WASHINGTON (Reuters) - U.S. officials see the head of Egypt's military council as an ally committed to avoiding another war with Israel but have in the past criticized him privately as being resistant to political and economic reform.
Mohamed Hussein Tantawi, the head of the Higher Military Council that took control of Egypt on Friday after President Hosni Mubarak was swept from power, has spoken with U.S. Defense Secretary Robert Gates by phone five times since the crisis began, including as late as on Thursday evening.
The ties are long-standing and important to Washington, which provides about $1.3 billion in military aid to Egypt each year.
Pentagon officials have been tight-lipped about the talks between Tantawi and Gates but the U.S. defense chief has publicly praised Egypt's military for being a stabilizing force during the unrest. On Tuesday, Gates said Egypt's military had "made a contribution to the evolution of democracy."
But in private, U.S. officials have characterized Tantawi as someone "reluctant to change" and uncomfortable with the U.S. focus on fighting terrorism, according to a 2008 State Department cable released by the WikiLeaks website.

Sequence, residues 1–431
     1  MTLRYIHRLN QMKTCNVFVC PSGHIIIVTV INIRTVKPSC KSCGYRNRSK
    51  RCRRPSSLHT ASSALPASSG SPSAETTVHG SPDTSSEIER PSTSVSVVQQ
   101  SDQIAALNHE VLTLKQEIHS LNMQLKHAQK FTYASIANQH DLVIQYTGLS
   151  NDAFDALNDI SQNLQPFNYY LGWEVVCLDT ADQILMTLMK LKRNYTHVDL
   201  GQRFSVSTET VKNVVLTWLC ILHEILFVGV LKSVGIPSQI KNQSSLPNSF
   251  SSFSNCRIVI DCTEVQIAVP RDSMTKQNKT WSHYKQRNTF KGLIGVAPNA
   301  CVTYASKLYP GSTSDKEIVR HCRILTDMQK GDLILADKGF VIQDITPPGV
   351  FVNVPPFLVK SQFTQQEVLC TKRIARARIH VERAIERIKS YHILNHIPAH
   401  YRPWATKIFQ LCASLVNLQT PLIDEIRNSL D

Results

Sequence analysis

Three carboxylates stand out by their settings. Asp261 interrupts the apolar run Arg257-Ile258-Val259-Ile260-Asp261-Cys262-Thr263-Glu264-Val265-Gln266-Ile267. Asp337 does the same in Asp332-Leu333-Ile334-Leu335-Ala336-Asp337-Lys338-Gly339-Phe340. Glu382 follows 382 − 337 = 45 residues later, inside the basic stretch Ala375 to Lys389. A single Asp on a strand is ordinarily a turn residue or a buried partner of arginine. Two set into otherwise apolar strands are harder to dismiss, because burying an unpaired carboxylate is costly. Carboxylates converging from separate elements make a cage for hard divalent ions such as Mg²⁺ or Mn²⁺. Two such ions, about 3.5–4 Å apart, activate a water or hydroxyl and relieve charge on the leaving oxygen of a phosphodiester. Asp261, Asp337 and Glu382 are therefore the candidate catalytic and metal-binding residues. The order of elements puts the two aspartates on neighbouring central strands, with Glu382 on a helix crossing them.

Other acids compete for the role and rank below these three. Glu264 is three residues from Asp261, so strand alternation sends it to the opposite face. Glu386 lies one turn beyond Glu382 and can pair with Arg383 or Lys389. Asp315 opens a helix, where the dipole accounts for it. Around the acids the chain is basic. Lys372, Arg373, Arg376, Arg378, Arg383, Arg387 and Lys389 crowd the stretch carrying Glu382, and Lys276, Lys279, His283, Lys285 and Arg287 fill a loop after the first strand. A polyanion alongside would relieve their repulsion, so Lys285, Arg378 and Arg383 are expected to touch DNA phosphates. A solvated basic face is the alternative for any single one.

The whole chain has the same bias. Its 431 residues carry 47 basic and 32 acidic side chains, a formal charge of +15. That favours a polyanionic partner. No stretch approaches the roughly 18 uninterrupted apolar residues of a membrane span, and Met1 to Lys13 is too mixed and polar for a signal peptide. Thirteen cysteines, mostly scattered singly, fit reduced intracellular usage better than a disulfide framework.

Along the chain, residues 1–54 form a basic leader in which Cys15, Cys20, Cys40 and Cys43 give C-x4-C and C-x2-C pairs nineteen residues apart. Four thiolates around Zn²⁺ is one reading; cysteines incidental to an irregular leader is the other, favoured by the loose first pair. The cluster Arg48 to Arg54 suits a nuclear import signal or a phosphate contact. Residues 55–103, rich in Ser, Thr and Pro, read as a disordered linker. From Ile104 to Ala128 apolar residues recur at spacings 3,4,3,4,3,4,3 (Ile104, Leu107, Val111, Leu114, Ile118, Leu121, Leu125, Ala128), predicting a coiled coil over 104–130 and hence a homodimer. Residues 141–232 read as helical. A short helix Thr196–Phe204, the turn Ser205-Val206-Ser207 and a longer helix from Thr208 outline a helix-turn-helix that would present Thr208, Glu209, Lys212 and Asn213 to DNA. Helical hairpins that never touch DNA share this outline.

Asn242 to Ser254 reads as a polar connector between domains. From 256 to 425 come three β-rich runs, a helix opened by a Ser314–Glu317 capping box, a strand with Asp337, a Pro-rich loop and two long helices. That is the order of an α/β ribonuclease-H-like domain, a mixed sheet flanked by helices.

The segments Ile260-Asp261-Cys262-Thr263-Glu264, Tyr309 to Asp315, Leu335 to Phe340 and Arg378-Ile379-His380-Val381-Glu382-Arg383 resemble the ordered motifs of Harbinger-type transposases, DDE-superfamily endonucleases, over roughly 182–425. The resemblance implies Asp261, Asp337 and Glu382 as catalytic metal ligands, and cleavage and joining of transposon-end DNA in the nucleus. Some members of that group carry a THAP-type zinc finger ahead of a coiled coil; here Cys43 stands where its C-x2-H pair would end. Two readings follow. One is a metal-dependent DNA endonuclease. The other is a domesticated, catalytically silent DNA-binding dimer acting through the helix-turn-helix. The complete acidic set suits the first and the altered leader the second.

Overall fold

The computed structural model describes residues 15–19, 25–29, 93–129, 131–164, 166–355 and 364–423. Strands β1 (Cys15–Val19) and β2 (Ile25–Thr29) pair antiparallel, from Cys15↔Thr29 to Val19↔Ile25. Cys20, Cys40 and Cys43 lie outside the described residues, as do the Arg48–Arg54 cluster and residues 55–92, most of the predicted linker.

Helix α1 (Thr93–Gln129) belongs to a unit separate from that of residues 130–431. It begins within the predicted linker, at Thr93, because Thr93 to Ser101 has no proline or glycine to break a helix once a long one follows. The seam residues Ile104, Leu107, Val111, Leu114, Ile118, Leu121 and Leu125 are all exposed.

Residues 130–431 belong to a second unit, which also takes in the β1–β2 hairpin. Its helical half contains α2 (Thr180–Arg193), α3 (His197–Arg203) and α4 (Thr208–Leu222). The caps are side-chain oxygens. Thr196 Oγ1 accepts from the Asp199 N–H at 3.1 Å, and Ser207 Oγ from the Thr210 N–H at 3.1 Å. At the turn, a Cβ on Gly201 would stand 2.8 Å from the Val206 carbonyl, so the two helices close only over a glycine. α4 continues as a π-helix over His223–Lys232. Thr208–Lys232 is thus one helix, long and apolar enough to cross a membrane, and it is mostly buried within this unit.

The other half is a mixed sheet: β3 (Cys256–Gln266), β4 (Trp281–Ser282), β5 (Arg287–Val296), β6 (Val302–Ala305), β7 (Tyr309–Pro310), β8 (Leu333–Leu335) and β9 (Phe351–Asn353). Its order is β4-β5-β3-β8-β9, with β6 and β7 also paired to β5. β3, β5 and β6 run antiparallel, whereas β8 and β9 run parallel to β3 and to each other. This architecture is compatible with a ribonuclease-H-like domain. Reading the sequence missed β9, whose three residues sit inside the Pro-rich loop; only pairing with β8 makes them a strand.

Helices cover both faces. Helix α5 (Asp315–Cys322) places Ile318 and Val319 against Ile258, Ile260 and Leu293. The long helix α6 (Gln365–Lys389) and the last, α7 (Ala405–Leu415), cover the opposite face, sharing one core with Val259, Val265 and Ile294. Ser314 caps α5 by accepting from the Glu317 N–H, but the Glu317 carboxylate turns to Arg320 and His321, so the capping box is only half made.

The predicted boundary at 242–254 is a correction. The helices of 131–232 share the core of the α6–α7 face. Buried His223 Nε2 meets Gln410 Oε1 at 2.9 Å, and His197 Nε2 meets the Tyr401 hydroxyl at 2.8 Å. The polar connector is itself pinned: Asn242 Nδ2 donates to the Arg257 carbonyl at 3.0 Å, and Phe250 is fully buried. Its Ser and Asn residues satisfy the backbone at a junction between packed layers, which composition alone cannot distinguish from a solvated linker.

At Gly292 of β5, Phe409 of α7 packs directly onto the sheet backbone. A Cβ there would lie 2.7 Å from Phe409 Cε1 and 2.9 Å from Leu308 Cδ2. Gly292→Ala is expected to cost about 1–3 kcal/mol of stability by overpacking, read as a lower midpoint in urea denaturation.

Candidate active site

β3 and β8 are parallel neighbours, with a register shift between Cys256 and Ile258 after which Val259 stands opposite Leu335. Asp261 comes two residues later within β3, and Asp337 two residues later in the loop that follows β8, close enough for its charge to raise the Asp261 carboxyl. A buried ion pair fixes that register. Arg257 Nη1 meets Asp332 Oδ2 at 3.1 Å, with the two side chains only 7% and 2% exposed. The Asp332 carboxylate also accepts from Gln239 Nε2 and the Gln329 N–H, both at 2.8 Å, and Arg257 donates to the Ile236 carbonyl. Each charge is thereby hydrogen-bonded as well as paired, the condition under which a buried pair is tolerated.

Tantawi, 75, has served in three conflicts with Israel, starting with the 1956 Suez Crisis and in both the 1967 and 1973 Middle East wars.
The State Department cable said he is "committed to preventing another one ever."
Still, diplomats warned ahead of a 2008 visit by Tantawi to Washington that U.S. officials should be prepared to meet a "an aged and change-resistant Tantawi."
"Charming and courtly, he is nonetheless mired in a post-Camp David military paradigm that has served his cohort's narrow interests for the last three decades," the cable said, in reference to the Israel's peace accord with Egypt.
Washington has long urged change in Egypt. But the cable notes that Tantawi "has opposed both economic and political reform that he perceives as eroding central government power."